John Keating

born on 10/9/1927 in Edinburgh, Scotland, United Kingdom

died on 28/5/2015 in London, England, United Kingdom

Alias Johnny Keating

Links www.johnnykeating.com (English)

John Keating (musician)

From Wikipedia, the free encyclopedia.

John Keating (born 10 September 1927, Edinburgh, Scotland) is a Scottish musician, songwriter and arranger.

After studying piano and trombone, he taught himself how to arrange and compose in his teens. He went to work with British big band leader Ted Heath in 1952 as a trombone player, but within two years Heath asked him to become his primary arranger. In the early 1960s, he and songwriter Johnny Worth (writing as Les Vandyke) masterminded the career of a minor British pop star, Eden Kane. The team wrote and produced a string of British top 10 hits for Kane in 1961-63. In addition he wrote, produced or arranged hits by Adam Faith, Petula Clark, Anthony Newley, Sammy Davis Jr. and many others.

Keating arranged and conducted a series of albums for London Records' Phase 4 series, notable for its use of synthesiser technology such as the Moog synthesizer and the EMS VCS 3. The records were often used as demonstration discs in the 1970s in Hi-Fi stores because of their quality. Much of his work was rereleased following the Lounge music revival of the mid 1990s and its use as breakbeats.

His song "Bunny Hop" is featured in the 1994 Tim Burton film, Ed Wood.

His "Theme from Z-Cars", a #5 hit in the UK Singles Chart,[1] was adopted by Everton as their theme song and remains so to this day.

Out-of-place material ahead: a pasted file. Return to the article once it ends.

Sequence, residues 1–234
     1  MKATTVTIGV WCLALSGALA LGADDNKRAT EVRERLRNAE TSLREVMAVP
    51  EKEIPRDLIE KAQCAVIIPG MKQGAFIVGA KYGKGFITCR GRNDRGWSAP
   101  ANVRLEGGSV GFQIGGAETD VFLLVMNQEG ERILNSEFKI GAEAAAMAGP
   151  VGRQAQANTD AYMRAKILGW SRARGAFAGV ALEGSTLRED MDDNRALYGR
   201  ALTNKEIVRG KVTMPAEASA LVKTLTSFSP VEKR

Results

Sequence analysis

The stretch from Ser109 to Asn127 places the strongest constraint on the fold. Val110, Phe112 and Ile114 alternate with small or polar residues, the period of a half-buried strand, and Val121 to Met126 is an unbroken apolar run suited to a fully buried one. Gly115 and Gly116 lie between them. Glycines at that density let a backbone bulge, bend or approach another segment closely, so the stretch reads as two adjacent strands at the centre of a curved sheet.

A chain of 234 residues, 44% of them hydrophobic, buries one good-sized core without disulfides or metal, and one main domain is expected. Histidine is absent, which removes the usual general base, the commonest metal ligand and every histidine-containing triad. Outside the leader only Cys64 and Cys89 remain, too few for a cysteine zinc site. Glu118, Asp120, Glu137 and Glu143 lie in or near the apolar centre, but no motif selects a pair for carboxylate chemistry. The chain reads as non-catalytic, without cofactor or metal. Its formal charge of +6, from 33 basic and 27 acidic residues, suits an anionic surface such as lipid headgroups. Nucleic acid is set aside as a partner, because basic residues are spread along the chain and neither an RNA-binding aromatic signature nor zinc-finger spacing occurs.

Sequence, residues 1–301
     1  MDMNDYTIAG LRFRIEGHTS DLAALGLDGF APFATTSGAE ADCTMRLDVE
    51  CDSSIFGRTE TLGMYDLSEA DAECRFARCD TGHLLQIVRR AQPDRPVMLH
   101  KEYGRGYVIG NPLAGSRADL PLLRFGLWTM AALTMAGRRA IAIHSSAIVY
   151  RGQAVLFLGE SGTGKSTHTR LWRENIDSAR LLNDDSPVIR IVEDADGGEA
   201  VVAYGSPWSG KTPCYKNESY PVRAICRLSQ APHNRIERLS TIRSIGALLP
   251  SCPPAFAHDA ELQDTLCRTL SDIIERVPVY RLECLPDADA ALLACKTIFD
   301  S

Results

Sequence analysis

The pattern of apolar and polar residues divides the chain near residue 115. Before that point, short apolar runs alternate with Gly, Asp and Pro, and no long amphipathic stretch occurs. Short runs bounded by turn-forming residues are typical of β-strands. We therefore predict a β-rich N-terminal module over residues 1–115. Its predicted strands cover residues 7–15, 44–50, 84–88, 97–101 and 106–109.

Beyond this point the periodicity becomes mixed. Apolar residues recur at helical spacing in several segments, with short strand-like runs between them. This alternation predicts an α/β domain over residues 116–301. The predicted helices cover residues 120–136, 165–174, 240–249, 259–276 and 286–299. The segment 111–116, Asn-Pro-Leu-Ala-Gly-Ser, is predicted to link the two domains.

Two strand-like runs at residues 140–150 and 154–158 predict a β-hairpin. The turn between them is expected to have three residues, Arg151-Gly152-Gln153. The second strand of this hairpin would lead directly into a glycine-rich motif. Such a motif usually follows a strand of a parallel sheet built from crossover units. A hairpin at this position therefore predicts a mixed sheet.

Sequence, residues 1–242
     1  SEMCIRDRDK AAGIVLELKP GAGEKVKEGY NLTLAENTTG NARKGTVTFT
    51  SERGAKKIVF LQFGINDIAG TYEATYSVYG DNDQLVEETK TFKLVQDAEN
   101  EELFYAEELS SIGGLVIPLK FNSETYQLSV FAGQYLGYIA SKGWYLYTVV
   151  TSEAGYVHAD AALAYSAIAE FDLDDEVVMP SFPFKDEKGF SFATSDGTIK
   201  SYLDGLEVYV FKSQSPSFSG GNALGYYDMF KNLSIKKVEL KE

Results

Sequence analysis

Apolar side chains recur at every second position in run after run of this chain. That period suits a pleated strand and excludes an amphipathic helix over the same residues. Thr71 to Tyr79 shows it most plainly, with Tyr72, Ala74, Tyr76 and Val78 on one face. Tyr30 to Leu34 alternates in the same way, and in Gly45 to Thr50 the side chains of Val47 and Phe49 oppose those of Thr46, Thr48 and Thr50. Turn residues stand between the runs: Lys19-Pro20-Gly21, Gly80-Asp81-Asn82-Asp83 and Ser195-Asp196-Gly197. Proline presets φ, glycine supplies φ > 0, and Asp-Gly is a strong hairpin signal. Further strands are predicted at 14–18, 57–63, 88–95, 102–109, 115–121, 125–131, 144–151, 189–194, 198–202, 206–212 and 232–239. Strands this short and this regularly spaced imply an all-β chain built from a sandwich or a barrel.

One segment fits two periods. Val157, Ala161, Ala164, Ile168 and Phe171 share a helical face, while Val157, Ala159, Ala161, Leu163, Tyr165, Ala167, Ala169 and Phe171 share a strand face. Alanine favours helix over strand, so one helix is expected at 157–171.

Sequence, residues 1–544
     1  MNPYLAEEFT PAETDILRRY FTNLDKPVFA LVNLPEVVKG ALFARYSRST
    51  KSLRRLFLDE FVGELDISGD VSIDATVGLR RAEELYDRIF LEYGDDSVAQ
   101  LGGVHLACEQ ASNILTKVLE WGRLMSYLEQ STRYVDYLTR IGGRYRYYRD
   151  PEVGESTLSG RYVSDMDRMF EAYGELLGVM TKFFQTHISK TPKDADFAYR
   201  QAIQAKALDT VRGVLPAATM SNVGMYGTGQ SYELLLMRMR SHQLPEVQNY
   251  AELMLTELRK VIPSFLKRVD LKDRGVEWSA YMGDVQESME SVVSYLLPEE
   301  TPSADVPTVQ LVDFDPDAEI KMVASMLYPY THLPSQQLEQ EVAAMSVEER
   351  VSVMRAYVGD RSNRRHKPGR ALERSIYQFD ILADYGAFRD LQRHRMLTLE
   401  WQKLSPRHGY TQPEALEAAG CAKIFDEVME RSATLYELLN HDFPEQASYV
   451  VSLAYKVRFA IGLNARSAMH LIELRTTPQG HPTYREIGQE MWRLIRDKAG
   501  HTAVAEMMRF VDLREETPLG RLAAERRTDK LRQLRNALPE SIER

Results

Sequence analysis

As founder and principal of the Johnny Keating School of Music, Edinburgh, he has been directly responsible for the musical education of many students who later became successful professionals.

In 1999, he completed a fourvolume academic reference book dedicated to the art of professional songwriting: Principles of Songwriting: A Study in Structure and Technique.

Album discography

  • English Jazz - 1956 - Bally
  • Swinging Scots - 1957 - Dot
  • Percussive Moods SP44005 - 1963 - London Phase 4 Stereo
  • Temptation SP44019 - 1963 - London Phase 4 Stereo
  • Swing Revisited SP44034 - 1963 - London Phase 4 Stereo
  • Johnny Keating and 27 Men-The Keating Sound SP44058 - 1966 - London Phase 4 Stereo
  • Keating...Straight Ahead SP44072 - 1966 - London Phase 4 Stereo
  • This Bird Has Flown WS1638 - 1966 - Warner Bros.
  • Here's Where It Is WS1666 - 1966 - Warner Bros.
  • Space Experience CQ 32382 - 1972 - Columbia Records
  • John Keating Conducts the Electronic Philharmonic Orchestra - 1974 - EMI[2]
  • "Fanfare for the Common Man"
  • "Sabre Dance"
  • "Tristan und Isolde: Prelude, Act III"
  • "Lohengrin: Prelude, Act III"
  • "Hebridean Impressions" (written by Keating)
  • John Keating Conducts the London Symphony Orchestra - 1972[3]
  • Space Experience, Vol. 1 & 2 - 1998 - EMI (Vol. 1 contains the LP Space Experience)
  • Temptation & Percussive Moods - 2004 - Vocalion
  • Swing Revisited - 2004 - Dutton Vocalion
  • British Jazz - 2005 - Harkit
  • British Jazz and Swinging Scots - 2008 - British Jazz

Songwriting credits

  • "A Little Waltzin'"
  • "Barber Shop Jump" - Ted Heath
  • "Come Live With Me" - Carmen McRae
  • "Headin' North"
  • "It's Not Going That Way" - Carmen McRae, Vic Lewis
  • "On With the Don" - Ted Heath
  • "Same Old Moon" - Percy Faith
  • "Send for Henry" - Heinz Schonberger, Henry Main
  • "The Clown"
  • "Theme from "Hotel" - Nancy Wilson
  • "This Hotel" - Percy Faith, Shirley Horn, Stan Kenton[4]

References

  1. Roberts, David (2006). British Hit Singles & Albums, 19th, London: Guinness World Records Limited.
  2. Primecuts.fi
  3. Nla.gov.au
  4. [John Keating (musician) at All Music Guide Allmusic, Johnny Keating > Songs > Songs Composed By ]

External links

This page was last modified 17.12.2012 07:29:40

This article uses material from the article John Keating (musician) from the free encyclopedia Wikipedia and it is licensed under the GNU Free Documentation License.